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THE SEDALIA "WEEKLY BAZOO, TUESDAY, APRIL 3, 1883.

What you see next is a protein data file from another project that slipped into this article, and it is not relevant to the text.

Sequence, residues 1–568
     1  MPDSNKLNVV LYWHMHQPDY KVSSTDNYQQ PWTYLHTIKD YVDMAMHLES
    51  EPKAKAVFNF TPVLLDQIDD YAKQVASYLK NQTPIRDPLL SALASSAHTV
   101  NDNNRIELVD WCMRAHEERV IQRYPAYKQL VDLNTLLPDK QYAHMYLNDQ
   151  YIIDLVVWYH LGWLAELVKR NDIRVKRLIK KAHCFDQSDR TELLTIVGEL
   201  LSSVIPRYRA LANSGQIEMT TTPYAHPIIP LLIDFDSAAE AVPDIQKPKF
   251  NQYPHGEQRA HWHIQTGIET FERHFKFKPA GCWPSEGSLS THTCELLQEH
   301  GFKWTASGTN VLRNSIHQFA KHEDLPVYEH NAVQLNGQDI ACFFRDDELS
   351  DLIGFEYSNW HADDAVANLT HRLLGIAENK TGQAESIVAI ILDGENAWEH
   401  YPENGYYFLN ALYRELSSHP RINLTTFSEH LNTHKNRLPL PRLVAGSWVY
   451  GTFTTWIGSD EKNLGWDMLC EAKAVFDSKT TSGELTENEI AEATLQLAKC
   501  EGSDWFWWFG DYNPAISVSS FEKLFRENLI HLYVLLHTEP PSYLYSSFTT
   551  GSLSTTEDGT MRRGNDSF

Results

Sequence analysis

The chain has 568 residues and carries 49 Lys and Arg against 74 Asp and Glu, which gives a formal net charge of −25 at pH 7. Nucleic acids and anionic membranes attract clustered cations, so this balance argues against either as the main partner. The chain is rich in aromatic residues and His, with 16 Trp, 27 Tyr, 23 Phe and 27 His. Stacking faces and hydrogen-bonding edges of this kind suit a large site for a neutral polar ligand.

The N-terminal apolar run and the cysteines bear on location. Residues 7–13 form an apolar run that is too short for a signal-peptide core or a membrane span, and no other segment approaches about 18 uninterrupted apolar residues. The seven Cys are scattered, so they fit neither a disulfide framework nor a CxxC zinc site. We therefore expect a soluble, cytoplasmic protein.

PECK'S BAD BOY. TTia Pa Finally Scores a Point. PeckM Sun. 44 What on earth is that you have got ob your upper lip," said the gro crrynian to the bad boy, as he came in and began to peel a rutabaga, aud his upper lip huog down over his teeth aud was covered with something that looked like shoemaker's wax. "You look as though you bad been digging potatoes with your nose." 'Ot that's some of pa's darn smart ness. I asked him if he knew any thing that wouid make a boy's mous tache grow, and he told me the best thing he ever tried was tar, and for me to rub it on thick when I went to bed, and wash it off in the , morning. I put it on last night, and by gosh I can't wash it off. Pa told me ail I had to do was to use a scouring brick, and it would come off, and I used the brick, and it took the skin off, and and the tar is there yet, and say, does my lip look very bad ?" The groceryman told him it was the worst looking lip he ever saw, but he could cure it by rubbing a little cayenne pepper in the tar. He said the tar would neutralize the pepper and the pepper would loosen the tar, and act as a cooling lotion on the lac erated lip. The boy went to a can of pepper behind the counter and stuck his finger in and rubbed a lot of it on his lip, and then his hair began to raise, and he began to cry, and rushed to the water-pail aud ran his face into the water to tash off the pepper. The groceryman laughed, and when the boy had got the pepper washed off, and had resumed bis rutabaga, he said : "That seals vour fate. No man ever trifles with the feelings of the hold buccaneer of the Spanish main, without living to rue it. I will lay for you, old man. and don't you for get it. Pa thought he was smart when he got me to put tar on my lip to bring my moustache out, and to day he lays on a bed of pain, and to morrow yonr turn will come. You will regret that you did not get down on your knees and beg my pardon. You will be sorry you did not pre scribe cold cream for my bruised lip, instead of cayenne pepper. Beware, you base, twelve-ounce-to the-pound huckster, you gimlet-eyed seller of dog sausage, you 6anded. sugar idiot, you small potato, three-card monte, sleight-of-hand, rotten-egg fiend ; you Tillain that sells smoked sturgeon and dog-fish for smoked halibut. The avenger is on your track The Mining Prospector. The genus prospector, a man of medium height, a rather lightly, but firmly knit frame, age anywhere be tween 25 and 35, a fine face, gentle but firm, bronzed with exposure to many a fierce storm, stamped with that unmistakable expression impress ed on the features of those who, day after day, stand face to face with danger and death, a face that a girl in distress will tu n from with fear and hatred. His first movement be trays the frontiersman. A rapid piercing glance around the park; neither human foe nor edible game being in sight, his next glance is to the sky. Apparently satisfied with the inspection, his first care is to at tend to his jack, or "burro" to use the mountain phrase ; then, having liberated the burro with a drag on the end of his rope which will effect ually prevent his starving from that park, he turns to his fire, blows it in to a blze, puts on his coffee-pot to boil, and then to his toilet. Three inches of comb, two square inches of looking glass, a coarse towel, a piece of yellow soap, , tooth brush and the toilet table is furnished. Now follow him to the dressing-room ; a dozen steps down the creek takes him to wherea little dam has formed a crystal pool. Down on the moss covered rocks goes the broad, white hat, the collar of the blue flannel shirt is rolled back disclosing the neck and chest of an athlete. Oh how qpld, how refreshing, howinvieoratiug that water is fresh from the snow above. The toilet finished, breakfast is the next consideration. The coffee hav ing boiled is placed on one side to settle, the bacon fried, the batter for a pile of "slap-jacks" beaten by, he fries one of the abominations, thrown ing it into the air and catching it on the reversed side with the precision of an old timer, and bow he pluny into the the tent and emerges with "ehuok box," or in Englis, "mess chest' into the inmost recesses of which he dives, and from conglomer ation of cartridges, buckskin thongs, steel traps, needles and thread, sailor palm, mineral specimens, three or four .letters, a Seaside Library book very torn and dirty, a pair Mexican spurs, odds and ends of strings, ect., produces a small canvas sack of salt, ditto of sugar, half a gallon can of svrupe, and breakfast is ready and the table is set. To dispatch the meal takes but a little while. Short as the time is, however, it is not wasted for provese the upturned face, the eager j searching fiance, peak after peak is scanned, formation, color noted, until apparently satisfied with the inspec tion. The meal is finished, plate and cup washed aud put away : the morning pipe is lit and smoked while he jyaes through his pockets to see if his outfit is complete, matches, com pass, knife, ma&nifvins srlass, all sae. Catching up the burro and picketing him on fresh grass finishes the the morning chores aud we are ready for the day's work. SENATOR LINN. Saved From Death by His Wife's Presentiment. Philadelphia Times. "It may not have been fifty years ago," said a gentleman whose years did not seem to warrant the belief that he was in active life much longer thau tifty years ago, "and it may have been longer, when D Linn was the col league of Col Benton in the United States Senate. I was reminded by a chance circumstance only a few days ago of an incident in which he and Mrs. Linn played a part. She, like her husband, was a sreat favorite for many years in Washington society, and deservedly so not more on ac count of her personal attractions than her intellectual qualities. On the oc casion when the incident to which I have reference occurred, Senator and Mrs. Linn were to be' the guests at a formal dinner by the president at the White House Early in the evening Dr. Linn, feeling somewhat ill, con cluded to remain in his lodgings. Mr. Webster calling at the moment, he was requested to escori Mrs. Linn and convey to the president his regrets at not being able to be one of his guests. At the proper hour Mrs. Linn, escort ed by Mr. Webster, was couveyed in her carriage to the White House. The company bad not long leeu seat ed at the table when Mrs Linn re marked to Mr. Webster, by whose side she was seated, that she feared she had not done right in leaving the Doctor, and that she felt an inclination, if she could do so without marring the occa sion, to return to her hotel. Mr. Webster made some observation de signed to dissuade her from departing then, saying that if she felt so disposed she could leave at an earlier hour than the rest of the company. ".o strongly did the impulse grow on her that soon after she made it known to Mr. Webster, and so urgent was she that he did a3 she requested and quietly made known to the presi dent her wishes. Mr. Webster ac companied her to the carriage aid at her rtquest returned to the table. Her instruction to the driver was to proceed rapidly to her home and twice on the way she enjoined him to drive faster. Arriving at the spot, without waiting for the groom to opeu the carriage door she in the quickest man ner opened it herself and sprang to the room where she had left her hus band. . As she entered she" beheld her husband on the bed and the clothing in flames ! A moment more would have been too late. Mr. Linn was in a stupor aud in some manner, which was never fully explained, the bed clothes had taken fire. He was ill for a number of days. His life was saved apparently through his wife's presenti ment, which I think was as remarka ble as any on record. Mrs. Linn re lated the facts to Mr. Webster, in my presence, on his calling the next morn ing. His observations after Mrs. Linn had finished the narration of her fir3t impulse to leave the president's table, her struggle to repress it, the growth of the presentiment till it overmastered her, the ride homeward, her anxiety for greater haste, her bursting into the room, her husbands' danger and res cue to which Mr. Webster listened with absorbing attention were char acteristic of the man solemn and im pressive beyond my ability to repeat.'' He Thought He Had the Best of the Dog. An Irishman, passing a butcher's shop, observed some liver for sale. Not knowing hat it was. he inquired of the butcher, and said that he would like to buy some, but his old woman knew only how to boil "praties," whereupon the butcher good-natured h offered 'to write him a recipe for pre paring the savory dish. With this and his purchase dangling conspicuous ly in his hand, Pat sallied forth in his triumph. He had not proceeded far, however, before a lean and hun gry dog which bad been prowling around seized the tasty morsel wiih his jaws, and made off as fast as his legs could c rry him Pat, iu no wise disconcerted, turned round with a broad grin on his countenace, and, shaking his fist at the canine thief, who was fast disappearing in the d s tance, said : "Arrah, ye dirty black guard, ye're sowld this time ! You've got the liver, but you can't cook it, for I've got the resate in me pocket !" The Safest Way. The safest and surest way to restore the youthful color of the hair id furnished by Parker's Hair Balsam, which is deservedly popular from its superior cleanliness. A TALK WITH MRS. LANQTRY She Appears at Buffalo in the ''Honey moon"--Her Devotion to the Stage Increasing Plan for the "Next Season. N. Y. Tribune. Mrs. Langtry appeared at the Acad emy of Music in ''The Honeymoon." The receipts at the box-office were ouly about $l,000,the business being injur ed somewhat by the disappointment caused by Mr. Abbey and Mme. i ils son last week. Before the perform ance a Tribune correspondent called upon Mrs. Langtry at the Geuesee House, where Frederick Gebhardt is also registered. In repiy to a question as to her success on the stage Mrs. Langtry said : It is quite beyond my most san guine expectations." "Then you will continue in the pro fession ?" "Most assuredly," she said. "Next season I will have a company of my own and make a still more extended tour of the United States. I will con tinue my studies in Paris during the summer." "Are you ardently in love with the stage, or is it chiefly the money con sideration ?" "Of course it is gratifying to make money. Any one who has been as po r as I have been, knows how to appreciate money, I assure you ; but, at the same time, I siucerelv love the theatrical profession. In fact, Mr. Schwab turning to her manager with a roguish smile says that is the only thing I do not get tired of " "Do you take any social recreation, or do vou meet many American la dies ?" Mrs Langtry was asked. "I am entirely out of society," she said. "Between the public perform ances, travelling and studying there i3 little time for society. Formerly I was entirely devoted to society ; now I am entirely devoted to my profession, and the work is quite euough for me. I see many persons that I would like to know, but it would be painful to form a friendship to-day and sever it to-morrow. So I make it a rule to re fuse all invitations to lunch and to de cline U receive formal calls.' ''Theuyour impressions of Ameri can life are not entirely established ? "Not entirely. I like the country better as I get used to the customs, which were odd to me at first. There seemed to be a roughness or a lack of defFerence in many with whom I came in contact, but I have found that the people are warm-hearted as well as curt and practical." Mrs. Lungtry complained of the disagreeable weather and said she was troubled with a slight hoarseness. She spuke with regret of the disappoint ment occosioned the Buffalo people last week by Mr. Abbey and Mine. Nilsson, and added : "I have never disappointed an audience although at times I have beeu very ill and i hope that in this case the sins of the parent will not be visited upnn the children of the Langtry party." Mr. Schwab stated that the season had been very successful. He said that Mrs. Langtry was improving daily as an actress. On Saturday Mrs. Langtry will visit the Falls. Her agent has engaged for her in the Ros lynn House, Toronto, the parlors oc cupied by the Prince of Wales twenty years ago. How She Saved Her Darling. '"I shall not feel so nervous about baby's teething," writes a grateful mo! her. "We almost lost our darling from cholera in fantum, but happily heard of Parkers Ginger Tonic in time. A few teaspoonfuls soon cured hby, aud an occasional dose keeps us in good health." Brookylyu Mother. The Romance of a Cow Boy. "What's a cow boy's principal bu siness?" I queried. "To watch cattle, cuss and get drunk' was -the terse rrply ; "we have to herd the cattle from place to place wherever the best grazing is afforded, and in winter to keep them niovig as protection from freeziug. You have no ideawhatcold we fellows out here haveto stand. Once in Montana I started out with a friend of mine to a dauce in Blakey's ranch, a couple of hundred miles or so awa It was pretty cold wheu we started, but along about midnight it began to settle down into a cool kind of forty bslow zero, sorter way. We didu't mind it much, but kept riding all night to keep the blood in circulation. The night of the second day we got there, as we thought, all right, but when we went to the fire our ears be gan to crack off, and our feet to thaw out They had been frozen solid." "You didn't dance, then V "You bet we did thawed up and had as good a time as any of them. We don't ride two hundred miles to a dance out here for nothing." "Were you always a cow boy ?" The question seemed to awaken old recollections and tender memories of the past. The man's bronzed and hardened features relaxed, his face wore a softer expression, his voice was gentler in its reply. "No, s'ranger." lie said looking down as if iu half reverie, "I was once as well turned as you, as smooth in speech, as soft in manners twenty years ago in mv old Virginia home as any of you. Why did I leave it ! It's a long story, too long to tell. I was just married, my little wife wa3 my darling, my angel, my all to me, and I fond fool thought I was loved bv her. One day a devilishly handsome man came in between us. My Mary forgot me and I I killed the man but,d n me.what am I going bajk on that day for? It's all past now and gone. Come, what'll you drink? Give me whiskey straight," and he tossed down a tumbler of the fiery fluid. "What a wold this is," I thought ; "this strong man, for love of a false woman, kills a fellow being, flies his country and becora8 an outcast." Sauta Fe Herald. ALL FRAUDS. An Old Pugrillist Gives Away the Secrets of knocking' Out. ''He's another bloomin' cove lookin' for American dollars," said an old pugilist when a reporter asked him ifMithell. the nowlv arrived champ ion of Eno-lnnd. intended to meet Sullivauin the ring. "None of these yer chaos as Iia3 come out latelv is lookin for fight" hecontinued. "when they wont fight when they haster. They run away and wait for their man and down him with a pop a pistol is what I mean a lot of blokes who has as much fight in 'era as the fel ler as was downed. They club togeth er aud get him a rosewood box, and a hearse wih four white bosses, and wear mourning badges, and have a bloomin big wake and bury him with Jionor. Why, it makes me tir ed to think on it. This thiug is what is called by the tony chap3 a new hero in pugilism ; well Igue3s so too, but it ain't no good. All these knocking out rackets is folkes. Will I have su'thiV ? Well, I will, but this yer rum has brought many A GOOD MAN to his end, but, as I was saying it won't spile any more, for the days of good riug fighters are gone. Oh, you want to know something about these knockin-out matches, eh ? Well, I'll tell you, but it's hardly fair, though I guess it's time the public quit giviu' up a dollar to see a couple of tellers puttiu' up their dukes no more than twelve minutes. This thing was start ed last year when Tug Wilson came over here to have a go with Sullivan. Well, that was on the night of July 17, 1 think, an awful hot 'un, too, and the Garden was packed. The papers said as how there was more'n 12.000 people in the place and some of 'em had paid as much as S5 to get inside and swelter while Sullivan and 'Tug' hammered each other. Now, the fact is Tug was knocked out, for he laid on the floor once for nearly half I a minute before the fight was given him in the end. But he was there at the end of four rounds and the pair divided some $20,000. Well yer see that is a big sura for a fighter, and Billy Madden is a smart man, and it was him as did all the fine work of gittint the crowd there. Oh, he's smart, is Billy. Well, yer see when Sullivan seen that he los the fight he got mad at Billy Madden because Billy had paid more attention to the sale of tickets than to him, and then there was a kick, and the big duffer split from his i anager, you know, like the oprea folks do. Then Billy probably told him yer mind as how I says c probably' as how he would go to England and get a bloke as would KNOCK HIM OUT, and then parted as strangers do vou a -xr ii i r i , " seer wen, wnne luaaueu was m England another man got it into his nut as how there was big money in the bizness, and he imported Tom Allen, who onct was pretty good, but who, mieiy, is goon ior noinmg. rie was heralded by the announcement that he would meet Sullivau in the twenty-four-toot squared circle for $2,500 a side4 and a great many other things as weren t all as true as gospel. Well, the Allen fake didn't pan out, as when his hacker saw what a puffy old man he had grown to be he didn't want any part sf it. Why, its n actual fact that one night at the Garden, at h3 benefit, he wound up with George Rooke. who knocked him down twice, and then they had on gloves as big as pillows. "Well, Tom went west. Then the same feller what brought out Tom sent to the bush of Australia for a half breed Maori or whatever he is, and before seein' him, said he would be BACKED FOR $2,500 agin Sullivan. "Well, Slade, who is a big enough feller, arrived here with Jem Mace, and the newspapers made a big card of them, and told all their movements as though they were look ing for a fight, while, as the peoplt : who are on the inside knew, two oxen and a log chain wouldn't drag the Maori to Sullivan or Sullivan to the Maori. Well, then the next feller to arrive 13 this Mitchell, who, after win ning the companionship of England, because he had pillow-cases on his hands aud nobody worth speaking of to jick, is Drought across the herrm pond to make money. The first thing now is for Mitchell to issue a chal lenge, sayiu' as how he would like to meet Slade, Sullivan, Jem Mace, Joe Goss or Tom Allen for So 000 to S 10.000 a side. Of course they all know what Lhat means and fail to re ply. Next thing is to get up a mam moth entertainment in the Garden, where M:tchell will offer any man in the world $500 to wind up with him m four rounds' The reporter thought he saw the point and he bade the pugilist good bve. An American Beauty. New York Special. Miss Jennie Chamberlain or Cham- berlayue, as she now prefers to spell her name will not return to this country, as has been reported, this spring. Mrs. Chamberlain has taken a furnished Belgravian mansion for the London season, and her fair daughter will probably be as great a belle in the court circle as she was last year. It is said that his roval highness of Wales has already select- I ed a suitable gaurdian for this trans- ! Plalea western flower, and that be fore the end of the season it will be her own fault if she is not eligibly and satisfactorily mated. American girls, however, are not always ready to be dictated to in matters of love aud marriage, and it is possible that the Prince's candidate may share the fate of two other English gentlemen of fortune and pnssition, the honor of whose alliance Miss Chamberlain has already declined. Another Eden. In paying out vage3 to his workmen a manufacturer iu Marseilles, III., privately marked $700 in bills. Within three weeks of this mon ey was deposited in the local bank by saloon keepers. That is, the mael strom that is sucking up the hard earn ed gains of our working men and lap ping the very foundations of domestic eomfort and woman's peace. COBS THE GREAT AN RE Rheumatism, Neuralgia, Sciatica, Lumbago, Backache, Headache. Toothache. 8fereTfcroat.SweIlln.SprMln,Braia, Bvrni. Scald. Frent Bltea. A3 ALL OTUKR BODILY VXISS A.NB ACHIS. CURES 8eidbj Druggiiu and DcleMetfrTwhre. Fiftj CsU& THE CHARLES A. VOGELEBC). JUUiMiwv, 31 4 U.S. A. to A. VivillXR CO.) ropular iiluatra.-ti ijck j.-4 Manhood! Womanhood! Mak'uag Impediments io Marriage; the a-use juk cure. Smlsicurelyseafcjy post-paid. for$f cents, by Dr. C. Whittier, 617 S; Charles Street, St. Xxmis, Mo., the gr-? , Benson s -AWARDED- Capcine 6 Porous -MEDALS.- Plaster. The Best Known Remedy for Backache) or Lame Back. Rheumatism or Lame Joints. Cramps or Sprains. Neuralgia or Kidney Diseases. Lumbago, Severe Aches or Pains Female Weakness. AreSaperir faall KktrFlMttrii Are Saperiar tm Path. Jlrc6amcrlrt IJaimtata Are SaiTTfar tm OlaCateats mr SaWea ArefArIf ' Electriclcy mr trairajiuai Taey Act l&j Mediately They Streairtara. TheySaatlia They Hellere Paia at Oace. They Fafllcirely Cur. A I IT I A 11 Benson's Capcine Porous Pkuv I .A 1 1 I II IM ters have been imitated. Uo UttW I I Wile not allow yonr druggist to palm tiff some other piaster having a similar aonnding name. Sf tht the -word is yneiieii C-A-P-C-I-N-K. Price 9ft cm. SEABURY. at JOHKSOK, ManafactQRDgChemisr'. N"r- York. AHURK REillEllY AT AVAST. Pr ce 23c. BW5 Hadrral COM md 8UNI0N FLA3TE& MtUI The Public Is requested carfuilr to notice the new and enlarged Scheme to he drawn Monhtly. atfuCAPITAL, PKIZK, $75,00O.C Ticket only $5. Shares in properties Louisiana State Lottery Company, "We do hereby certify that we supervise the ar rangements for nil the monthly and semi-annual inuvings of the Louisiana State Lottery companv, ind in person manage and control the drawings themselves, and that the same are couducted with ncuesty, fairueaa, and iu good faith toward all par ties, and we authorize the company to use this cer 'ilicate. with faosmules of oui signatures attached, in its advertisement." Commisionera. Incorporated in 1SR8 foi 25 rears by the LejdBla ture for Educational and Charitable purposes with 1 capital of I,000,OOP to which a reaerve fund 'it So50,00O has since been added. Iy an ovprwhelming popular vote its franchise was made a part of the present State Constitutioa adopted December 2d. A. D. 1879. The only Lottery ever voted on and endorsed by he people of any State. It never scales or postpones. It Grand Single Number OrtwIaM take place Jfoathlv. A SPLENDID OPPORTUNITY TO HINA FORTUNE. Fourth GRAND DRAW ING, CLASS D AT NEW ORLEANS, TUES DAY April IO, 1883 I54th Monthly Drawing. CAPITAL PRIZE, 75,0O. I OO.OOO Ticket at Five Dollar Eaea Fraction, in Fifth in proportions. List of Prizes. 1 CAPITAL PRIZE $7500t o do 25,00f 1 do do 10 dOt 2 PRIZES OF $6000 10555 Jo 2UW lo00O 12 do 1000 10,000 ,2J Jo 500 10,000 100 do 200 0 000 3oo do 100 Sojooo 500 do 5o 05 goo 1000 do 25 ZZZZZl 25,000 Approximation Prizes. 9 Approximation prizes of J750 f6,75 9 Ho do 500 4,50t do do 250 2,250 1967 Prizes, amounting to 1265,560 Application for rates to clubs should be made only to the offic o tie Company in New Or leans. For further Information writ clearly, giving full address. Send orders by Express. Registered Let- Money Order, addressed only to M. A. DAUPHIN, New Orleans, La.. iM. A. DAUPHIN, 607 Seventh street Washington. D. C. N. B. In the Extraordinary Semi-Annual Draw next June the Capital Prize will be $150,0u0. $30 000 FOE $2 ZE54thEI Popular Jfoatiily Drawing OF THK In the City of Louisville, on SATURDAY, MARCH 31st, 1883 These drawings occur On the last dav of each month t'Sundav excepted), Repeated adjudication b Ft-derai and State Courts have placed this company beyond the controversy of the law Tonhis company belongs the sole honor of having inaugurated the only plan ay hich their drawings are proven houest and fair beyond question. 2 . B The company ha3 now on hand a large c?pital and reserve fund. Read carefully the hat of prizes for the MARCH DRAWING. 1 Priae. .- S30 000 1 Prize - 10,000 1 Prize 5,000 10 Prizes $1,000. 10,000 20 Prizes 500... 1,000 100 Prizes 5l(W 510.001 200 Prizes 50 10,006 600 Prises 20 12,000 1000 Prizes' 10 10,080 9 Prizes $300 each, approximation prize .2,70i 9 Prizes 200 " 44 ...... 1,301 amzes iuu " 1,960 Prizes.' Whole ticket, $2. Half ticket, $1. $112,400 27 tickets, $50. 55 tickets, $100. Remit money or bank draft in letter, or send ay -xpres. Don't send by registered letter or poet office order. Orders of $5 and upwards, by express, can be sent at our expenaa. Address all ordfrs to R. M. BOARDMAN, Couriar Journal building, Louisville, Ky. Health is Wealth ! Dr E. C. West's Nerve asd Busts Treat ment, a guaranteed specific for Hysteria, Dizzi ness, Convulsions, Fits, Nervous Neuralgia, Headache, Nervous Prostration caused by the aae of alcohol or tobacco. Wakefulness, Mental -Depression, Softening of tho Brain resulting in in sanity and leading to misery, decay and deaafe. Premature Old As?, Barrenness, Loss of power in either sex. Involuntary Losses and Spermat orrhoea caused by over-exertion of the brain, self abuse or over-indulgence. Each box contauaf one month's treatment. $1.00 a box, or six boxee for $5.00, sent by mail prepaid on receipt of pnoa. WE GUARANTEE SIX BOXES To cure any case. With each order received by us for six boxes, accompanied with $5.00, we will send the purchaser our written puarantee to rs fund the money if the treatment doea not effect a enre. Guarantees issued only by Aug. Fkisclimann, Druggist, Srdalia, Mo. SIO SUCCESS ASSURED. m 'Oar well-tried nlan of anocnlfllii $20 Oftr well-tried plan of speculating iu Grain, Stocks, etc. secures to the moderate investor all the ad vantage and protection of the very largest operator. Serd for our 50 average monthly profits paid tha Daat vear. with particulars. frew 21 AA CUDWORTH & CO., 9 all V W 80 Randolph St, Chicaco, IBftf IKE St S USEFUL A&TICIJCB DEAUTlFUt FlOML CHMMO GMML LYON&HEALY Stats k Monrot Sts.,CMcfa. Will Mndjrcml.1 to ny Mnm tkair , BAND CATALOJQUI, , .far 1&3, v60 219 Eagavtfp: of Ultra men to. Suit Cpy Bl, IPmbmm. Eauletit CwTiWifc StM. Drea MHmh Sta. awl Ht, Sundry mm Omlftt h OWs" kaaioyf